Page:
About a decade ago, I read an article about a new disposable toothbrush. The product itself was modestly interesting: It was a travel-sized toothbrush meant to be used without water, allowing travelers to use it once before tossing it in the garbage.
What caught my eye, however, was not the design, but the name. It was called Wisp. Colgate hired a branding agency to come up with it, and in the article I read, someone from that agency described their research method, including an international analysis of similar sounds and a linguistic understanding of the word “wisp.” The way that “isp” noise rolls off the tongue in various different languages — it’s like a whisper or a shush. I thought it was brilliant.
Far too often, business leaders overlook the value of branding. Just over a year ago, a client brushed off my attempts to build them a brand. “We’re building an app, not a brand,” they insisted.
But apps need brands. On average, people take mere seconds to calculate first impressions of people — one tenth of a second, some psychologists believe. For brands, it’s an even bigger battle. An oft-cited statistic, bandied around branding listicles around the web (but whose primary source I couldn’t find), claims that audiences will only start to recall your brand after seeing it five to seven times. Regardless of the scientific veracity, to me, it sounds right: People take precious little time to make a judgment and will forget that judgment, and your brand, the very next day.
It is therefore critical to get branding right on the first try. For entrepreneurs, launching a company with a strong brand will make your formative years that much simpler. Too often, leaders fall into the trap of having a great idea and saddling it with a rushed name. Why go through all the trouble of building something if you’re not going to care about its presentation?
Branding is a unique trial.
I believe in an open secret of business strategy: Surround yourself with great people, and empower them to work independently and creatively. This is especially true in branding.
Here’s a recent example. This coming spring, after more than a year of research and development, I’m launching a suite of new companies in the creative industry under an umbrella corporation called “Third Summit.” I came up with that name myself, and it reflects a personal journey: I’ve tackled Mount Everest and Kilimanjaro, and this company will be just as difficult as summiting a mountain — if not harder. It’s an ode to entrepreneurs everywhere who understand the trials of starting your own company.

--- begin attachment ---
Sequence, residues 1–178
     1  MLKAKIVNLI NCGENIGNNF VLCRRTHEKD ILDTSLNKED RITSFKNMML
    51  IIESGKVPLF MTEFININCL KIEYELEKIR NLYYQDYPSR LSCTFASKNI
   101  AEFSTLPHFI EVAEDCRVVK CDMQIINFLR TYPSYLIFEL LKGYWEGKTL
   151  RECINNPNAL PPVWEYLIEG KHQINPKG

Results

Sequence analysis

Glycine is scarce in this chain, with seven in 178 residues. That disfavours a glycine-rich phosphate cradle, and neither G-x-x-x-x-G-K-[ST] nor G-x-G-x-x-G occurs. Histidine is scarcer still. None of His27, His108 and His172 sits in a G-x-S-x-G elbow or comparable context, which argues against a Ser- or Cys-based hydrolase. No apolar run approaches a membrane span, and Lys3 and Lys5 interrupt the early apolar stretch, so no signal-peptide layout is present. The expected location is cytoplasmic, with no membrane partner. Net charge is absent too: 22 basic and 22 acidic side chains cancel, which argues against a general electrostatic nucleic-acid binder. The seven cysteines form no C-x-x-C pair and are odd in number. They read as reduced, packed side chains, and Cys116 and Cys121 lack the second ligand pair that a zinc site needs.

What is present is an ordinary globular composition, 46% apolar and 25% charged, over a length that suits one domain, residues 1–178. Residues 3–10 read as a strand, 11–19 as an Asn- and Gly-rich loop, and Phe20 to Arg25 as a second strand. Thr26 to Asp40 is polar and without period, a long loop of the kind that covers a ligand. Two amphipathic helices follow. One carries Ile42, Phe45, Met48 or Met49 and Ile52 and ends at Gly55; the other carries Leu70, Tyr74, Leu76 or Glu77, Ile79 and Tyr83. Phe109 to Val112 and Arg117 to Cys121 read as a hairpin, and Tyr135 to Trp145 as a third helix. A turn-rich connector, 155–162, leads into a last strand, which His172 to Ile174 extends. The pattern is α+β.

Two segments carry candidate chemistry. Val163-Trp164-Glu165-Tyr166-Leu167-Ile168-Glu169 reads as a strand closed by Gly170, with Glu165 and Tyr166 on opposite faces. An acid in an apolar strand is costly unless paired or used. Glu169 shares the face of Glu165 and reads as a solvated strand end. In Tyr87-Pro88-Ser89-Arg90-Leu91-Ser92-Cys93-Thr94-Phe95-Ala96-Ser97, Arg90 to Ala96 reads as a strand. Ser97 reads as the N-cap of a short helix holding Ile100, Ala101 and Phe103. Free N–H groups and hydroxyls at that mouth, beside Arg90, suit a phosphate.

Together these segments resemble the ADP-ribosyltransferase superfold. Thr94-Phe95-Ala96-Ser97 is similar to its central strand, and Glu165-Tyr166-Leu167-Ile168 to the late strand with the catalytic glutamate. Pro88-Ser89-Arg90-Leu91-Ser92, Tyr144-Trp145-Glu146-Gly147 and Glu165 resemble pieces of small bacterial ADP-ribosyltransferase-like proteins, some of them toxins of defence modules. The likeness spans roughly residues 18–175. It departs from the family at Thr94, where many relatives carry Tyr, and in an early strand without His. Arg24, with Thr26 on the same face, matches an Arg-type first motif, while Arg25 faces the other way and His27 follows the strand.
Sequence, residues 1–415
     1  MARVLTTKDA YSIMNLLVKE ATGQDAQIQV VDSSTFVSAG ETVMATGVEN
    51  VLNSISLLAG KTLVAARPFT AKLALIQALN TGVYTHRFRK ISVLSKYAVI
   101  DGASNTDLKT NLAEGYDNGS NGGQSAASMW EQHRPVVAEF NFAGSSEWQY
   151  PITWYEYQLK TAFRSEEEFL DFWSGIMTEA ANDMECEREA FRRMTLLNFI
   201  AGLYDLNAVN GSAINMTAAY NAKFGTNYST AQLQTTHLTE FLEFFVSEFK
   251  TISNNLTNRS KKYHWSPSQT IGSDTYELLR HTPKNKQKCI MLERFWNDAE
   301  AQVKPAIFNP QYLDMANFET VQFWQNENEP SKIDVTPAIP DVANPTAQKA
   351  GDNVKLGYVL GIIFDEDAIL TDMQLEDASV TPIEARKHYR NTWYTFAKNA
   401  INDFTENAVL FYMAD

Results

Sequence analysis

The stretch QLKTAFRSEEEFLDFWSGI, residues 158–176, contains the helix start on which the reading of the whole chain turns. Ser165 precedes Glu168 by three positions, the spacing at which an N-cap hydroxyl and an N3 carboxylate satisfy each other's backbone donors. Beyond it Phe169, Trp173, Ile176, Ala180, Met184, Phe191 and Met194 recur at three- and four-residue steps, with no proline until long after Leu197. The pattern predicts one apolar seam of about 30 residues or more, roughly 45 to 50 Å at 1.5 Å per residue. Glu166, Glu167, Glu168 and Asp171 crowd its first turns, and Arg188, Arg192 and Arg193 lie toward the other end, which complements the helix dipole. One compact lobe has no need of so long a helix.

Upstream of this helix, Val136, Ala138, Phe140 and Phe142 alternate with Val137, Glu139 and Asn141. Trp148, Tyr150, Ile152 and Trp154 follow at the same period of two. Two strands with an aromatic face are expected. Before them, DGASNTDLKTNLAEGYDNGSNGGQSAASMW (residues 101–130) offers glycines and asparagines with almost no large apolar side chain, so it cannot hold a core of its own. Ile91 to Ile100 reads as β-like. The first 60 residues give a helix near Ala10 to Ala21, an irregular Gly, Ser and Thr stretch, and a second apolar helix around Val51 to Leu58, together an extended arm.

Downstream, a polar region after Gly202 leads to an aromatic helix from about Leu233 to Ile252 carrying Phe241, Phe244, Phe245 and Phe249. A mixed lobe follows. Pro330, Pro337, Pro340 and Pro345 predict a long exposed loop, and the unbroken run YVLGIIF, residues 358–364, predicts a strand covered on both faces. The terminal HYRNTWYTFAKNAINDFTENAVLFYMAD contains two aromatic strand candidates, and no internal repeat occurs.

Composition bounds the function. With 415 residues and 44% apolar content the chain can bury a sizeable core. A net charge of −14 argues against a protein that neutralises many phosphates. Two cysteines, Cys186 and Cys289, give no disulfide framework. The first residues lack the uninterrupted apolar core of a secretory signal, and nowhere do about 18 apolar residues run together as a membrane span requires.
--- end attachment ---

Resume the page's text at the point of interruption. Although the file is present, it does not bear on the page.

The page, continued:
But under my company’s umbrella there are several other companies, and at a certain point, coming up with names for all of them felt impossible. Should they sound similar? Should they be totally separate? I decided, after months of struggling, that I was too close to it. It was time to ask for help.
Based on industry referrals, I began reaching out to the heads of reputable branding agencies. My first call was a dud — the CEO kept veering our conversation back toward money and did not sound very interested in my ideas. (Therein lies another good lesson: Just because a reputable company looks glossy and charges a lot doesn’t mean it’ll match your needs.)
But the second call was genuinely invigorating. We discussed disruption in the marketing industry and the importance of corporate agility and agreed on almost every point. But in the back of my mind, I knew it was a lost cause. How could we financially justify hiring an expensive outside branding agency?
When is it time to let go of the steering wheel?
It turns out, the man from the second call, David, was the CEO of a company called Lexicon Branding, which — in a coincidence too strange to be fiction — branded Colgate Wisp. David was featured on a podcast where he explained that a good brand name is a chance to set yourself apart or even rename an entire category. I’d worked in branding for years, but hearing him outline his process put me at ease. Not every name he came up with was a winner, but there was a well-thought-out reason behind each one.
It also reminded me of a valuable branding lesson: It’s important to recognize when it’s OK to let someone else take control. It helps you gain perspective on the issue you’re facing, but you need to do it on your own terms. For example, in our case, the decision to consider outside perspectives became obvious over time. You’ll want to consider three main factors:
1. Is ego in the way? As we spoke with more investors and fellow entrepreneurs, we realized the company could be bigger than we’d first thought. Even though I’d been working in the creative field for nearly two decades, I couldn’t let ego get in the way of something this important.
2. Are you listening to your most trusted peers? For months, I’d run the various name options by my closest friends and peers, many of whom offered honest feedback. When fellow entrepreneurs ask for advice, I always tell them to listen to their trusted friends.
3. Could someone else do it better? The company I chose to work with uses linguistic software to generate name ideas. Creativity is one thing, but professionals have access to tools you might not know about, which can be helpful when you’re feeling stuck during the branding phase.
Branding is an emotional industry; brands are meant to evoke feelings and reactions. When you see an Apple commercial, a feeling of awe should wash over you. When you see a product called “Wisp,” you understand it won’t last forever.
But because branding is emotional, it’s hard to do it yourself. Perspective is necessary. If you can’t do it yourself, it’s OK to take a step back and let someone else try.